The Home Front’s levelling tendencies translated into an unexpected Labour landslide in the 1945 election, bringing with it nationalisation and ‘Welfare State’ legislation which included the creation of the National Health Service.

The Royal Festival Hall (Grade I listed) on London’s South Bank, built for the 1951 Festival of Britain, stands as a symbol of 1950s optimism. Post-war architects and planners were confident they could raise standards of living with housing projects in Britain’s cities and in new towns. Meanwhile the coronation of a beautiful, dutiful Queen Elizabeth II (r.1952–present), the first to be televised, prompted talk of a new Elizabethan age.

During the later 1950s and the 1960s, cars, washing machines, fridges, telephones and holidays all became increasingly affordable elements of everyday life. In 1957 Harold Macmillan could proclaim ‘prosperity such as we have never had … in the history of this country’.

The coronation procession of Elizabeth II on 2 June 1953

This photograph of Elizabeth II’s coronation shows the coronation procession on the route from Buckingham Palace to Westminster Abbey. The ceremony was watched live on television by millions around the world, in what was the largest outside broadcast the BBC had ever undertaken.
© Heritage Image Partnership Ltd/Alamy


Yet war was constantly in the background. Almost before the Second World War ended, Britain’s erstwhile ally the Soviet Union had become a potential enemy: in March 1946 Churchill described an ‘Iron Curtain’ descending across Europe.

British troops fought in proxy wars against communism, successfully in Malaya (1948–55), less so in Korea (1950–53), as well as in postcolonial ‘emergencies’ in Kenya (1952–60), Cyprus (1955–60) and Suez (1956).

Britain became the third nation to become an atomic power in 1952 and had already deployed ‘Civil Defence’ measures and installations in this era of ‘Mutually Assured Destruction’ (MAD). York Cold War Bunker was part of a later generation of these, built in 1961 just before the Cuban Missile Crisis of October 1962 brought the world to the brink of nuclear war. The wartime tunnels at Dover were consequently renovated and equipped to serve as a regional seat of government in the event of such a war.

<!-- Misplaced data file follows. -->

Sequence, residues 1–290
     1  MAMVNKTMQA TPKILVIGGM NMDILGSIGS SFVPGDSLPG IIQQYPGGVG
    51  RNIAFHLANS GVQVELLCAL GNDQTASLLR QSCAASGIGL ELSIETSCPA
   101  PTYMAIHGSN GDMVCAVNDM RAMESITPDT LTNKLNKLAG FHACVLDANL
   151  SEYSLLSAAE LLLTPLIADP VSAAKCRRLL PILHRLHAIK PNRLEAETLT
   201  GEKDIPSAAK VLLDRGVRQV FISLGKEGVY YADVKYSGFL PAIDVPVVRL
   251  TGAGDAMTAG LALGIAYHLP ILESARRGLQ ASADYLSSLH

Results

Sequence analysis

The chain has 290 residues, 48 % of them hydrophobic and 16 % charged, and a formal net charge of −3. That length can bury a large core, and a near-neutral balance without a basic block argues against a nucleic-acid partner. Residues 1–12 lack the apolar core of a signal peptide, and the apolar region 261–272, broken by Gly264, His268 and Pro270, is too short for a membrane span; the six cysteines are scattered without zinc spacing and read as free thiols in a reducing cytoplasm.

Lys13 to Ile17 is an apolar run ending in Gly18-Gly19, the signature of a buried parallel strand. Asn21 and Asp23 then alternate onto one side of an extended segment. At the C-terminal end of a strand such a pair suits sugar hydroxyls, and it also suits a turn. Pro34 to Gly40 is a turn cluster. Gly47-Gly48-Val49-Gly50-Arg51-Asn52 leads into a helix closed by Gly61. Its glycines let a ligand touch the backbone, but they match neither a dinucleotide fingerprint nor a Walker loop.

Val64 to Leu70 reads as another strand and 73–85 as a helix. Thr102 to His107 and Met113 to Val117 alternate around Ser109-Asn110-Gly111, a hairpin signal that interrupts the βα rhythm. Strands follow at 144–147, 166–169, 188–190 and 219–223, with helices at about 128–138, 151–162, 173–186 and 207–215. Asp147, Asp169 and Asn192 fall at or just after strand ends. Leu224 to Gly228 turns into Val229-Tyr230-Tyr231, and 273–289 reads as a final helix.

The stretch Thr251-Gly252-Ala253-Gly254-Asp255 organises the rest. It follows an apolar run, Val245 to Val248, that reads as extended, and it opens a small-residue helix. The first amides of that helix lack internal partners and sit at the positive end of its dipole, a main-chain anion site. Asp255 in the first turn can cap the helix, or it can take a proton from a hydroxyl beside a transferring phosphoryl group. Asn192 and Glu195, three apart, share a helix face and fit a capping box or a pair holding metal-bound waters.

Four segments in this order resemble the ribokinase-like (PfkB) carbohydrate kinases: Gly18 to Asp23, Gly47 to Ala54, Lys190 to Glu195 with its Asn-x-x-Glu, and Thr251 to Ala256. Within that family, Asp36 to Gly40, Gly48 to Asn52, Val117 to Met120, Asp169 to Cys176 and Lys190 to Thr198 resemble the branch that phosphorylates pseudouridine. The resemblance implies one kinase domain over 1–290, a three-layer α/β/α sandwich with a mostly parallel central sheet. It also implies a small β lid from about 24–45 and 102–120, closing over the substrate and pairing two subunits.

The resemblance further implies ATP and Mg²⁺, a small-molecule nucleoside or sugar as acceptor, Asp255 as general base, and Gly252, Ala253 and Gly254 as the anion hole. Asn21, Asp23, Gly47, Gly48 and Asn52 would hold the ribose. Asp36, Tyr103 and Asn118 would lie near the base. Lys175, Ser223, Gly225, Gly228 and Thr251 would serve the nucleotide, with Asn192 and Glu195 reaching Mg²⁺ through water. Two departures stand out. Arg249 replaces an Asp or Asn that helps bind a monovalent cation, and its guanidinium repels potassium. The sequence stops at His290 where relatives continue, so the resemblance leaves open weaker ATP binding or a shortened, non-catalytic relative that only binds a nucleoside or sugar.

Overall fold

By the 1960s, Commonwealth immigration from the West Indies, India and Pakistan had begun to change the racial mix, although nothing like as much as its opponents believed. Heavy industry was in decline. University education expanded significantly, and new institutions such as the University of East Anglia flourished (founded in 1963; the Sainsbury Centre for Visual Arts was Grade II* listed in 2012).

The post-war consensus by which both parties broadly accepted the role of the state in the economy and the centrality of the Welfare State was broken by Margaret Thatcher, a new kind of Conservative. After the ‘Falklands Factor’ gave her a second term in office in 1983–7, her Conservatives began to privatise national industries, starting with British Telecom.

The miners’ strike was suppressed in 1984–5, breaking the power of the unions. And though she was overthrown by her own party in 1990, the pronounced rightward swing she initiated still holds.


Tony Blair led a significantly re-modelled Labour Party back into power in 1997 – the first of an unprecedented three terms in office.

His post-9/11 alignment with the USA and subsequent ‘War on Terror’ defined perceptions of his administration, but Labour also presided over devolved administrations in Wales and Scotland, and oversaw an uneasy peace in Northern Ireland after 30 years of violence. Like Norman Foster’s Millennium Bridge, with St Paul’s Cathedral at one end and Tate Modern at the other, Britain had entered a new millennium looking forward as well as back.